Friday, February 11, 2022

Short Takes: Asset Allocation and Mackenzie All-In-One ETFs

The saga of trying to get a refund out of VRBO has finally come to an end.  After more than a month and about two dozen phone calls to three companies, we got about 98% of our money back.  In the end, we disputed a charge with Mastercard before the matter was resolved, although it wasn’t clear whether Mastercard’s involvement affected the outcome.

I’ve used VRBO before to rent vacation homes, and I always believed that VRBO held my money back from the homeowner until at least the second day of the rental to give me time to alert VRBO to any serious problems.  However, this time it was a property management company called Exclusive Villas Florida that charged the bulk of the rental cost to our credit card.

Although we had entered into a rental agreement with VRBO, we were left to fight with a property manager to get our money back.  At one point, VRBO demonstrated their inability to control this property manager by suggesting that we dispute the charge with Mastercard.  This experience has completely undermined our confidence that our money is safe with VRBO.  What are we getting for the fees we pay to VRBO if they are doing so little to protect our money?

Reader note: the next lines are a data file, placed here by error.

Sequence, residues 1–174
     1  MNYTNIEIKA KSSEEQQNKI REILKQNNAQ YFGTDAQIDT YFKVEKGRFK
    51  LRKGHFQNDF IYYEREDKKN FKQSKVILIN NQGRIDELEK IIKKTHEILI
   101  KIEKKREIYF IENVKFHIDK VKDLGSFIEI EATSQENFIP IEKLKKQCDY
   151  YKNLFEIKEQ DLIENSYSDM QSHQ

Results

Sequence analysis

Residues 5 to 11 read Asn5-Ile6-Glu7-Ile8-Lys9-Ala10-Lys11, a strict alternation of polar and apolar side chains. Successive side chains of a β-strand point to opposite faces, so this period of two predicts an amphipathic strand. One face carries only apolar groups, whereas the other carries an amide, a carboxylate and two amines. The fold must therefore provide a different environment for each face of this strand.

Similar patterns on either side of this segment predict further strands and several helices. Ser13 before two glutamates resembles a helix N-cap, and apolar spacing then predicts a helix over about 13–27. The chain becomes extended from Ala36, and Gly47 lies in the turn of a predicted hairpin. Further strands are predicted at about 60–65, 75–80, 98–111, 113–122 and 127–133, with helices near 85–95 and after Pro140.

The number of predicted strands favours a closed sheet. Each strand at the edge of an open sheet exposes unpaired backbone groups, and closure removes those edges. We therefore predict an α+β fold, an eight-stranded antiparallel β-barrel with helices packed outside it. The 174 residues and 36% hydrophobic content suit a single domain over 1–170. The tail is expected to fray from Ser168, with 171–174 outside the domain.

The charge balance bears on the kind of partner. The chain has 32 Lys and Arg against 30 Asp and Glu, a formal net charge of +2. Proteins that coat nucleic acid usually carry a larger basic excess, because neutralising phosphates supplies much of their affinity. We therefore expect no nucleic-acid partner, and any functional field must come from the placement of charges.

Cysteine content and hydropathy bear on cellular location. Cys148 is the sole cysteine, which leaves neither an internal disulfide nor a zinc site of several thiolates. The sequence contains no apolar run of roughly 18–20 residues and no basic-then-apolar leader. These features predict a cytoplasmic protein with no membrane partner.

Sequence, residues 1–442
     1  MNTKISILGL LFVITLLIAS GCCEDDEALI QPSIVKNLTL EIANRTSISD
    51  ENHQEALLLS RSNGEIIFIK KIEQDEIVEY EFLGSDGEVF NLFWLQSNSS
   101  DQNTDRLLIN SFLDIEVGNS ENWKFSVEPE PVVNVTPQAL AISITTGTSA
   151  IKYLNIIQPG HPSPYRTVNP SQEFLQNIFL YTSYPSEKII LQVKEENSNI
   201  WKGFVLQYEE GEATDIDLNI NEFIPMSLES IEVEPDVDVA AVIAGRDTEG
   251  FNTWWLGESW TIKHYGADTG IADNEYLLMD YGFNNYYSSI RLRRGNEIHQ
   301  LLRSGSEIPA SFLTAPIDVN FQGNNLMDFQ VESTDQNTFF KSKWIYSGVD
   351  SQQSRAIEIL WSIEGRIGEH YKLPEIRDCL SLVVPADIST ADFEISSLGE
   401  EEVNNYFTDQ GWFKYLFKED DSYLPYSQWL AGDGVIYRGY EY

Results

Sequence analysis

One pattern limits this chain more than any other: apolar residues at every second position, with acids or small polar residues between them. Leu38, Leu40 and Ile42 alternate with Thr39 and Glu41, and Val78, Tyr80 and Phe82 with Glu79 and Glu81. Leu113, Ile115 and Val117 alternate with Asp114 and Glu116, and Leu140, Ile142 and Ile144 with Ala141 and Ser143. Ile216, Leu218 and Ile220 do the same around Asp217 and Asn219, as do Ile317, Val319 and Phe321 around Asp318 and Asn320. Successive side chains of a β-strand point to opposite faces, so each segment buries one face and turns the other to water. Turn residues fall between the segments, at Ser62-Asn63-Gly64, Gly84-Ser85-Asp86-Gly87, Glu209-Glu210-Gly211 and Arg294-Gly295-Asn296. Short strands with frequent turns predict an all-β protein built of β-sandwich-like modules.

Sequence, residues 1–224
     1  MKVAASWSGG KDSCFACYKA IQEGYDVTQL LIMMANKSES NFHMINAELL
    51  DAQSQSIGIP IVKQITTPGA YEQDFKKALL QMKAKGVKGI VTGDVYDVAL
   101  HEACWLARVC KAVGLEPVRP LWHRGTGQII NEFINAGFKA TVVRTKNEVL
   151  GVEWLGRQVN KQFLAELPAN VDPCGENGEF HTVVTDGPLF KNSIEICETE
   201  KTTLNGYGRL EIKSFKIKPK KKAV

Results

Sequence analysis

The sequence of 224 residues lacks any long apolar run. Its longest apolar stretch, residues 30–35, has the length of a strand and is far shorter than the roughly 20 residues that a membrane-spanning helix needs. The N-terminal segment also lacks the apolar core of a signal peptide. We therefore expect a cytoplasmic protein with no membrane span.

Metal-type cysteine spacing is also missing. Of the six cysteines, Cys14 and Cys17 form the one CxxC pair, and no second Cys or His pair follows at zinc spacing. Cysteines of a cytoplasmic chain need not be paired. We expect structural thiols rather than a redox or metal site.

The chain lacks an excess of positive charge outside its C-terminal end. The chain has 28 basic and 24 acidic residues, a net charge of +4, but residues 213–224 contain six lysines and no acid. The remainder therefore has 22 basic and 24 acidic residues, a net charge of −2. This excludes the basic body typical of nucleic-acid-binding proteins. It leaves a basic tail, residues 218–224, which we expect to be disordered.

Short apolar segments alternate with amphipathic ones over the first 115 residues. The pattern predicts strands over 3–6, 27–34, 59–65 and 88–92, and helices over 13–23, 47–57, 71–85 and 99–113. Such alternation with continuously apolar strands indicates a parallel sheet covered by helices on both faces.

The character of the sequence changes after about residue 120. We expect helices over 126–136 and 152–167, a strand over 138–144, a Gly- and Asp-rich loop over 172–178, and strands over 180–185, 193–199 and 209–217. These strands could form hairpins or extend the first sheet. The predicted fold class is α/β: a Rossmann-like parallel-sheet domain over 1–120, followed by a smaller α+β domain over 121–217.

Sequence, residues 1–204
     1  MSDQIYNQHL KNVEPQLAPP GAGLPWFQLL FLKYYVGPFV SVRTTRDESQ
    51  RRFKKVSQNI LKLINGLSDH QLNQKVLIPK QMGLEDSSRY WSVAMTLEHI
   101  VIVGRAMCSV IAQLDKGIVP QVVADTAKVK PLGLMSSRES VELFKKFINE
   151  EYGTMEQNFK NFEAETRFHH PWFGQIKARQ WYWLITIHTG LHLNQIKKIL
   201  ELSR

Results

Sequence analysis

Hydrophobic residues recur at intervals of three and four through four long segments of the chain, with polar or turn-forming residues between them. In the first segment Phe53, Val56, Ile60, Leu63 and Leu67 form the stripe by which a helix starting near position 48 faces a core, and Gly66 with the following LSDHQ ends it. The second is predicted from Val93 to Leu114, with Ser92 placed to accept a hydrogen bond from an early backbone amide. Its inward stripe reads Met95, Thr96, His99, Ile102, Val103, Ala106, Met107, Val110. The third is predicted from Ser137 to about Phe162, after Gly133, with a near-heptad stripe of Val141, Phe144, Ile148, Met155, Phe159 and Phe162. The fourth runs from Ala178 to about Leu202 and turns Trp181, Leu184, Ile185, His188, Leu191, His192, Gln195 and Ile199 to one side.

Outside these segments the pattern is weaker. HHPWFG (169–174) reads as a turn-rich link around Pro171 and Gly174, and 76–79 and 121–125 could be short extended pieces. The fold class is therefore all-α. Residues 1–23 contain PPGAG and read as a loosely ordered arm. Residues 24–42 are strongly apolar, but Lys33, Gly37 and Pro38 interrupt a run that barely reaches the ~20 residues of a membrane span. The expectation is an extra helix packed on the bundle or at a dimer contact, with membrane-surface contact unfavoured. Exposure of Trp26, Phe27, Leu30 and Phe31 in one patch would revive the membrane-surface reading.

At one point, we thought we’d only get back about 92% of our money, because Mastercard applied their fees to the currency exchange rates on both the initial charge in U.S. dollars and the returned amount in U.S. dollars.  Fortunately, they quickly agreed to just wash out the initial charge and its reversal.  

In the end, we only lost a deposit amount that the property manager writes into their agreements.  We entered into an agreement with VRBO stating that we would get a full refund if we canceled by Jan. 2, but the property manager used a document of theirs to justify keeping about 2% of our money.  We got tired of fighting and gave up on this amount.

Going forward, we will be using a U.S.-dollar credit card, and we plan to look at other ways to book properties.  We’ve learned that there are websites devoted to certain communities that appear to be well run.

Here is my review of a useful book on rental real estate:

Getting Started as a Small Scale Landlord

Here are some short takes and some weekend reading:

Andrew Hallam has an amusing ghost story to explain why you might not want your portfolio to be too risky.

Justin Bender reviews new asset allocation ETFs from Mackenzie and contrasts them with those of Vanguard, BMO, and iShares.

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